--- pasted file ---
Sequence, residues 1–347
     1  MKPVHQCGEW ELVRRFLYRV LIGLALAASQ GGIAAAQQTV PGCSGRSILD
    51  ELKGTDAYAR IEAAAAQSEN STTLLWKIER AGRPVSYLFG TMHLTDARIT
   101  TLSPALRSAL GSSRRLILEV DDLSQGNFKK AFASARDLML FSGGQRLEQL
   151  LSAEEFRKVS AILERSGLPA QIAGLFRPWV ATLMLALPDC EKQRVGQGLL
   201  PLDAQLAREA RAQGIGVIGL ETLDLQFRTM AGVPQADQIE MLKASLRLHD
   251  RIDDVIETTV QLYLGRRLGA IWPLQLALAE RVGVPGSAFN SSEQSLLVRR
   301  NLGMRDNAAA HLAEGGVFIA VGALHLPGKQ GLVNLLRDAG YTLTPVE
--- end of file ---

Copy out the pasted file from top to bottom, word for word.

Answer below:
Sequence, residues 1–347
     1  MKPVHQCGEW ELVRRFLYRV LIGLALAASQ GGIAAAQQTV PGCSGRSILD
    51  ELKGTDAYAR IEAAAAQSEN STTLLWKIER AGRPVSYLFG TMHLTDARIT
   101  TLSPALRSAL GSSRRLILEV DDLSQGNFKK AFASARDLML FSGGQRLEQL
   151  LSAEEFRKVS AILERSGLPA QIAGLFRPWV ATLMLALPDC EKQRVGQGLL
   201  PLDAQLAREA RAQGIGVIGL ETLDLQFRTM AGVPQADQIE MLKASLRLHD
   251  RIDDVIETTV QLYLGRRLGA IWPLQLALAE RVGVPGSAFN SSEQSLLVRR
   301  NLGMRDNAAA HLAEGGVFIA VGALHLPGKQ GLVNLLRDAG YTLTPVE